Vocal Warm Up Exercise 3: Humming and Lip Trills

Performing a loose and gentle modulating hum is a nice way to ease in your facial muscles, as well as create space for resonant sound. Humming and lip trills get your resonators going, which in turn helps restore your vocal tone quality after sleeping for several hours. These are ideal to carry out as you start your day.

Lip trills and flutters will also help loosen facial muscles and get your vocal cords warmed up. They’re even more effective if you try them in the shower!

For some guidance on how to do lip trills, this YouTuber provides some great step-by-step instructions for taking control of your breathing:

Vocal Warm Up Exercise 4: Descending on Nasal Consonants

Another useful trick that any voice actor should have in their toolbox is the ability to open up passages to descend on a nasal consonant sound. If you happen to be a fan or student of IPA (the International Phonetic Alphabet), you already know that there are a number of methods you can tap into to warm up your sinuses and nasal passages.

Take, for example, the English word ‘onion.’ It’s quite nasally—particularly its second syllable, which makes the ‘gn’ sound. Take that ‘gn’ sound and lovingly stretch it, slide it, and descend glissando style.

Go from the fifth, down to the root of a scale on that with an ‘ah’ sound.

Another favorite vocal warm up for many voice actors involves reciting any word that ends in a Z, like ‘buzz’ or ‘fuzz.’ Linger on the Z to get resonating.

If you’re still a bit unsure about what it takes to warm up your voice by descending on nasal consonants, this singer explains how you can use your nostrils to perform this vocal exercise:

Vocal Warm Up Exercise 5: Fricatives

Fricatives are consonants that are formed by impeding the flow of air so that a friction sound is produced. Some of the most common consonants include Ps, Bs, and Ts. You can learn more about producing fricatives from vocal coaches.

This animated video from Glossika demonstrates how fricatives are produced:

Vocal Warm Up Exercise 6: Tongue Twisters

Articulate, articulate, articulate. In the voice over business, being able to distinctly enunciate your speech is by far one of the most important aspects of your performance.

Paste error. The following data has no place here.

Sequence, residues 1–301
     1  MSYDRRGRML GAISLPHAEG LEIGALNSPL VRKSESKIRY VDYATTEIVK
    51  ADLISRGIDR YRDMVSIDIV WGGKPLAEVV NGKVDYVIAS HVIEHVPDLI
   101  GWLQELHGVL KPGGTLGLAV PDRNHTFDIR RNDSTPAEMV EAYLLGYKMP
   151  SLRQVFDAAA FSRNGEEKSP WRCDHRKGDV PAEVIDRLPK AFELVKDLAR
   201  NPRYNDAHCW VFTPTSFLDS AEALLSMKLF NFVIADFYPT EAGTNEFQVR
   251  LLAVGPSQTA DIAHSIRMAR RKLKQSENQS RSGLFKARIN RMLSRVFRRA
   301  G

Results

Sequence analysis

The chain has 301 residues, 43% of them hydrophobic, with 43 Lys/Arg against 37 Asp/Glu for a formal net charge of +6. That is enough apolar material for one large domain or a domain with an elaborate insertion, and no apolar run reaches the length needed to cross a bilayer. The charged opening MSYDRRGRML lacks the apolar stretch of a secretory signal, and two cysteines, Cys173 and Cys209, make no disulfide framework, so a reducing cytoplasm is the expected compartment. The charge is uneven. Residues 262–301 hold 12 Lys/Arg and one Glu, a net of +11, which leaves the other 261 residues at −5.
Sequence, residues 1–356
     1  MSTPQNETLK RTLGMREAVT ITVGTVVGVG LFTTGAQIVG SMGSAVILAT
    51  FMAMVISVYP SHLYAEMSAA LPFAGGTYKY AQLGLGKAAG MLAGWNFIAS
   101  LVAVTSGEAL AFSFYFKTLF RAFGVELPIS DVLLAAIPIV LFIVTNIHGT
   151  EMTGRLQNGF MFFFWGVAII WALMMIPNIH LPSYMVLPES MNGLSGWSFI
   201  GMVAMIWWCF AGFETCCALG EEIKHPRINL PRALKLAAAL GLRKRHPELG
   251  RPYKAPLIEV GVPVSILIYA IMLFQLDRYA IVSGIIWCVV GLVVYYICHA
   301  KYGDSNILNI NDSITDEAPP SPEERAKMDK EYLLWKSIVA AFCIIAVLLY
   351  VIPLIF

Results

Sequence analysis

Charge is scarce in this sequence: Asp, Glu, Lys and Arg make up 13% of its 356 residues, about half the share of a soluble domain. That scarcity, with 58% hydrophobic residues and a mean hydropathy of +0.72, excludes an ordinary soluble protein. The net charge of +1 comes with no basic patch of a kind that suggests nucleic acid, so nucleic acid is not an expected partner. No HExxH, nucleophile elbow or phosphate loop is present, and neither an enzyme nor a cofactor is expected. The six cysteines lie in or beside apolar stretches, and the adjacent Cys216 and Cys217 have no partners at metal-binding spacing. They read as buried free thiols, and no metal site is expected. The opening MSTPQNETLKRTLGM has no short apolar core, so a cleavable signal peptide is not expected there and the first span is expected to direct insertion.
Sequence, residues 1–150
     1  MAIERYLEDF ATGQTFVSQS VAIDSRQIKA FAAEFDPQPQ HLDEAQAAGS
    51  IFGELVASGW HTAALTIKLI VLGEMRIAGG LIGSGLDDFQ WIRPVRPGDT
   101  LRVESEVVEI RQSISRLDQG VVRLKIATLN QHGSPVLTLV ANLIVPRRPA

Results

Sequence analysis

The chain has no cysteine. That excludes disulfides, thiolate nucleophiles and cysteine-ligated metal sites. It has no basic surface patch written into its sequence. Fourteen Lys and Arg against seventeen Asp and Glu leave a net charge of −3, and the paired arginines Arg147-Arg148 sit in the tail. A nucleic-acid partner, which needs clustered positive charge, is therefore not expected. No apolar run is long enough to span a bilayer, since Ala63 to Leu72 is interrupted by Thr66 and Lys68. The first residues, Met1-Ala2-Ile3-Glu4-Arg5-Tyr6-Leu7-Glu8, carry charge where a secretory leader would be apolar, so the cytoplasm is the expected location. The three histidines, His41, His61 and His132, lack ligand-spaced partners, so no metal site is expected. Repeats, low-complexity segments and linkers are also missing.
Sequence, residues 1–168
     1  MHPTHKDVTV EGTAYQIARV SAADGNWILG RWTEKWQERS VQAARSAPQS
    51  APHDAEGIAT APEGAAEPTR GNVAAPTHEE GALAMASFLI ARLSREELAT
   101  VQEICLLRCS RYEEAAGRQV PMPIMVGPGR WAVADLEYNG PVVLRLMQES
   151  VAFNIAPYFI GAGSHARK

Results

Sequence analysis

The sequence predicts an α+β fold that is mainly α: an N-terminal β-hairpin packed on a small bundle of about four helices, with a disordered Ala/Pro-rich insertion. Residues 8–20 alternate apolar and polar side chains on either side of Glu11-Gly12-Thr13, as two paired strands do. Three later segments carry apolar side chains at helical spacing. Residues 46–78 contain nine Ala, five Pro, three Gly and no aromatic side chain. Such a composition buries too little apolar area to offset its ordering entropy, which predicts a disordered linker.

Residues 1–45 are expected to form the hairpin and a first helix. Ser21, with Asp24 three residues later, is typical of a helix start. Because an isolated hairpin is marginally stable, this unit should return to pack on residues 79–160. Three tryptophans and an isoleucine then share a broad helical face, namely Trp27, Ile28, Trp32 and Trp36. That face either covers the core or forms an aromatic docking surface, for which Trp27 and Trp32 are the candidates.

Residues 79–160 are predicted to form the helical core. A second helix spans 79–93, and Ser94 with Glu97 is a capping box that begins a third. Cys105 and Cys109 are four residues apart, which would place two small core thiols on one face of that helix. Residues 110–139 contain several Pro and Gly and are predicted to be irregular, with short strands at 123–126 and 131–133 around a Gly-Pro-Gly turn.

If you don’t articulate or enunciate clearly, no one is going to understand a word of what you are saying.

Learn how to articulate your various vocal muscles together by tagging along with the speakers in this video: 

5 classic tongue twisters:

  1. Unique New York, unique New York, unique New York.
  2. A big black bug bit a big black bear.
  3. She sells seashells by the sea shore.
  4. Peter Piper picked a peck of pickled peppers.
  5. How much wood could a woodchuck chuck if a woodchuck could chuck wood?

There are a number of troublesome consonants that you’ll want to master your pronunciation before you step up to the microphone. Speaking each of these tongue twisters out loud serves as a fantastic pre-recording vocal warm up: 

What time does the wristwatch strap shop shut?

A skunk sat on a stump and thunk the stump stunk, but the stump thunk the skunk stunk.

No need to light a nightlight on a light night like tonight.

My cutlery cuts keenly and cleanly.

Four furious friends fought for the phone.

Reading and writing are richly rewarding.

Any noise annoys an oyster, but a noisy noise annoys an oyster most.

I saw a kitten eating chicken in the kitchen.

He threw three free throws.

Vocal Warm Up Exercise 7: Yawn

Now that you’ve warmed up your resonators and articulators, let’s address range.

Yawning naturally drops your jaw and regulates oxygen, while extending your soft palate.

In this interview with Time Magazine, Morgan Freeman reveals that yawning is part of the secret behind his very successful voice.

“If you’re looking to improve the sound of your voice, yawn a lot,” Freeman suggests. “It relaxes your throat muscles. It relaxes your vocal cords. And as soon as they relax, the tone drops. The lower your voice is, the better you sound.”

Bonus tip: With more oxygen flowing up to your brain, you’ll also find that you are more alert.

How to Do a Yawn-Sigh